As Detroiters flocked to see The Lion King at the Detroit Opera House and marvel at the spectacle, they should know that an alumna from Detroit Mercy’s Theatre program is helping make that magic happen.
Amelia Rose Glenn ’21 is working backstage as dresser to actors playing the villainous lion Scar and the self-important African horned red-bill, Zazu.
“Scar’s costume has hooks, snaps, layers and a robotic head, and it’s my job to make sure the actor is in it and it’s on right and the mic pack is where it needs to be,” Glenn said. “It can be stressful, but it’s fun.”
Glenn, who could be seen both onstage and backstage during her time with the Detroit Mercy Theatre Company (DTMC), finds joys in both.
“If I had to pick a favorite, I would say I’m more comfortable backstage,” she said. “It gives me an opportunity to explore all aspects of the performing arts.”
Glenn was a theater kid in high school and found herself at home at DTMC.
“The program is a lot smaller than many others, but I found that to be very beneficial because the professors have a lot of connections in professional theater and that is really helpful for people who want to work in the arts,” Glenn said. “Because it is smaller, it gives everyone a chance to learn lots of different things and to take on roles of leadership.”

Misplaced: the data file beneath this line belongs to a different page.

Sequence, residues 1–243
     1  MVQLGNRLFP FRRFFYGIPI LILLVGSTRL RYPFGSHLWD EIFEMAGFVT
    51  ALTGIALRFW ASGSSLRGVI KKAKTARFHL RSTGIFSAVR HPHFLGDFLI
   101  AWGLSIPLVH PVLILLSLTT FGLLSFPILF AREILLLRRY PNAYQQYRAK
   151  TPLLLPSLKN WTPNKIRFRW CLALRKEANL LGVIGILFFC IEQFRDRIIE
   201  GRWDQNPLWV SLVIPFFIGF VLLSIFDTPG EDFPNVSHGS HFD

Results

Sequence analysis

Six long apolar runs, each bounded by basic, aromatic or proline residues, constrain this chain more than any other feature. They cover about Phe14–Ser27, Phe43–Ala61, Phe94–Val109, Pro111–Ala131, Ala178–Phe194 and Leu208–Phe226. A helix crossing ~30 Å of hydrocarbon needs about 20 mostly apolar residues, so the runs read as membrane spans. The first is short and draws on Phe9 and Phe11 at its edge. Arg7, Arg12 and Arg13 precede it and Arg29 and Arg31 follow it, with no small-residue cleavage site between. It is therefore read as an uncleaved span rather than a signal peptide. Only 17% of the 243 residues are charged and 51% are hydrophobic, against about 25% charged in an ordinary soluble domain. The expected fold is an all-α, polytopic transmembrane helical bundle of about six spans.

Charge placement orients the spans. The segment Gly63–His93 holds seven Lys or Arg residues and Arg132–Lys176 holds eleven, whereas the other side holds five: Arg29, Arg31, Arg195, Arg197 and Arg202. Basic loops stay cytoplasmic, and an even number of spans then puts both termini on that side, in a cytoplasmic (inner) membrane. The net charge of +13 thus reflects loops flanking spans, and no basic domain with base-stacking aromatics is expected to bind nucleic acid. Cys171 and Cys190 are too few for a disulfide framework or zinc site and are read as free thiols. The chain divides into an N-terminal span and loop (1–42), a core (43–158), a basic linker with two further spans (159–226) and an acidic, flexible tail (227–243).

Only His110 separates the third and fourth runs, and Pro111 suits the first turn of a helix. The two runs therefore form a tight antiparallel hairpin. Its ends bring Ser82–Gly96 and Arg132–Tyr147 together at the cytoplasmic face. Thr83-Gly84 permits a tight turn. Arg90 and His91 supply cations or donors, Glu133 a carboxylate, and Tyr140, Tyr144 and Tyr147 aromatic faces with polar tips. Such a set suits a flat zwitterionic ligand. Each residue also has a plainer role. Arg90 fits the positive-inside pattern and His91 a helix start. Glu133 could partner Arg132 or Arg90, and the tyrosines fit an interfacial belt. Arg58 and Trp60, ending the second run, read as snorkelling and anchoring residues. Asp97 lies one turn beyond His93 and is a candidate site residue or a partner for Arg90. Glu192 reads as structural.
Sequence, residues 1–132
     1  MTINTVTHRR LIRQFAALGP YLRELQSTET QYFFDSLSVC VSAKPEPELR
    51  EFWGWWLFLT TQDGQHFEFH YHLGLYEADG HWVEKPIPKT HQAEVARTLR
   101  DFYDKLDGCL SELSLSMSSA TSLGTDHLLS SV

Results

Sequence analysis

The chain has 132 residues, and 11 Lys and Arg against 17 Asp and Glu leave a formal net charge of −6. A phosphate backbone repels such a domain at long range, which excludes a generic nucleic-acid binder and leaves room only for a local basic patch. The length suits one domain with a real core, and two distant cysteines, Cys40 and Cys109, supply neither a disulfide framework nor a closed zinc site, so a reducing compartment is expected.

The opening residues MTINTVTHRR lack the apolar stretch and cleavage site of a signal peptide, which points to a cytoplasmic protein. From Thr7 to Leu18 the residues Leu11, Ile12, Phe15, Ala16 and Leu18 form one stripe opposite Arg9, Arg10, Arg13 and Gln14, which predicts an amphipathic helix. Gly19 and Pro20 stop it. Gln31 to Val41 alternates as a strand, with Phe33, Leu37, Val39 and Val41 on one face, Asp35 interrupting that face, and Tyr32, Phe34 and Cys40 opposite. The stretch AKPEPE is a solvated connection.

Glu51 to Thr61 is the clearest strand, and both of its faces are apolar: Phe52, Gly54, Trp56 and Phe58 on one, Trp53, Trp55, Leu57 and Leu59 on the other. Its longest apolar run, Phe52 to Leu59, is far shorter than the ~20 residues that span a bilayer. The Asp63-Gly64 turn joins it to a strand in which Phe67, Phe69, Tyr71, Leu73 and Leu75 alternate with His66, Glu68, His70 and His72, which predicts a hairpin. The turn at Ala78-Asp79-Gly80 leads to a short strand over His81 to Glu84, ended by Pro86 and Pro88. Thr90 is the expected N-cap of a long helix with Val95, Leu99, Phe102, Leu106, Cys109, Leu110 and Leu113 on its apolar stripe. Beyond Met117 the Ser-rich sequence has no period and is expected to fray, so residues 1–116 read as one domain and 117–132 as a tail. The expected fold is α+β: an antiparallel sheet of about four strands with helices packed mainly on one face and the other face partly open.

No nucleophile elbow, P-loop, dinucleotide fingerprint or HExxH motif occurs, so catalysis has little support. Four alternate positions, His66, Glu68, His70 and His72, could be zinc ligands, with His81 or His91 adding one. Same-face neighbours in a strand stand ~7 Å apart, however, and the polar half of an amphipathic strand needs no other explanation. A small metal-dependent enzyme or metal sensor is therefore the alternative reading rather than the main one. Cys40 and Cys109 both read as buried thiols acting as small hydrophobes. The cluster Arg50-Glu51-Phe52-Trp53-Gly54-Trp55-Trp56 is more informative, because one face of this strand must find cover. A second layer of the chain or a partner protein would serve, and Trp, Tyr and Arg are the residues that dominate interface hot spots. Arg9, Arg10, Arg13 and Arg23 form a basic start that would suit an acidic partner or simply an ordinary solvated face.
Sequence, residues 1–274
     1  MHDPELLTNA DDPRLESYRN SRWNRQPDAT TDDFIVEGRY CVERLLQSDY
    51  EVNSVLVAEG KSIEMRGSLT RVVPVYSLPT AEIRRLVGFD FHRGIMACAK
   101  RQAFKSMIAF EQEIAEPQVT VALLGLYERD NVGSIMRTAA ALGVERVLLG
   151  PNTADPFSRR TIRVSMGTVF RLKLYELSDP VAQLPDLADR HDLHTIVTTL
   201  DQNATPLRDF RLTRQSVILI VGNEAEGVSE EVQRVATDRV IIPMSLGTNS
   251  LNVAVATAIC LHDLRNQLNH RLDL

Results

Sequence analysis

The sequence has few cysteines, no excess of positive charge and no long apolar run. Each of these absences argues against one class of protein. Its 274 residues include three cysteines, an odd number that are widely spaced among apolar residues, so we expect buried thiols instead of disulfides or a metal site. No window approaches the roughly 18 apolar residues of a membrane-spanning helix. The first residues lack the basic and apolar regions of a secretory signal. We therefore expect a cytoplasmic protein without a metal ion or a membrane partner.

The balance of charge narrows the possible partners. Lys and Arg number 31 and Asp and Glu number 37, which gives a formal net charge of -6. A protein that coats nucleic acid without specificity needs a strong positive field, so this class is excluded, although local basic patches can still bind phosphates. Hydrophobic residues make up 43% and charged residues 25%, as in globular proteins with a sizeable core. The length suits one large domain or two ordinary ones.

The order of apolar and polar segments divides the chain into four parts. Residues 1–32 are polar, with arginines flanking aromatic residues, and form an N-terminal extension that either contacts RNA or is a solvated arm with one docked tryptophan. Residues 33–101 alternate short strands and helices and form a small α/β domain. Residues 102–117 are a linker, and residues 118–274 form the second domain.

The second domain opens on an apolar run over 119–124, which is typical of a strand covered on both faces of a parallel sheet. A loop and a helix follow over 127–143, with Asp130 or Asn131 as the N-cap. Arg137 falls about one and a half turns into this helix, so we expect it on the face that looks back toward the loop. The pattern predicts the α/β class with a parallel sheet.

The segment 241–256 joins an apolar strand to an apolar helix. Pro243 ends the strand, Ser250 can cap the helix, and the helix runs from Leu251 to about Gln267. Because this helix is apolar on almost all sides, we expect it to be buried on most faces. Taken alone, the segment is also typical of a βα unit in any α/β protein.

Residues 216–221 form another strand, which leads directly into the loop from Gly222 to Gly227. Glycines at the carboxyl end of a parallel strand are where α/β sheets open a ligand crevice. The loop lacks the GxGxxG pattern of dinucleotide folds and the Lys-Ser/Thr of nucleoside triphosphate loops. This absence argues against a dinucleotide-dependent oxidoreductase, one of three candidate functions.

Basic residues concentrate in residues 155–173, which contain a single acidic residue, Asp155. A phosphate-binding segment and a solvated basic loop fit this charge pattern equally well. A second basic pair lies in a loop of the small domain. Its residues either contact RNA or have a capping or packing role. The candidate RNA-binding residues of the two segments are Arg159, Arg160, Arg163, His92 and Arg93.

In fact, she got her first paying gig – as costume designer for “Evil Dead: The Musical” in 2019 – through Associate Professor of Performing Arts Greg Grobis, who directed the bloody, campy musical in Detroit.
Grobis also factors into the backstage work with Lion King by connecting Glenn with Mary Ellen Shuffett, who, as a Marygrove College student, earned a theatre degree in 1980 through University of Detroit. She’s been the head of the wardrobe department at the Detroit Opera House for nearly 25 years.
Since mid-January, Glenn has been working under Shuffett as a seamstress and now as a wardrobe supervisor, helping build costumes for the Michigan Opera Theatre’s season that includes the operas Frida, a new opera about legendary painter Frida Kahlo, the classic La Boheme, and X, Life and Times of Malcolm X.
The costume department also is called upon to run the wardrobe for national tours that play at the Opera House, which thrills Glenn.
Glenn says she knows she’s blessed to be working in the theatre as a new graduate and she thanks the connections Detroit Mercy has in the theatre community for it.
“This is my first big professional show,” Glenn said. “This show is responsible for so many innovations in theater and it’s really cool to see how everything works together. It’s such a mystical experience.”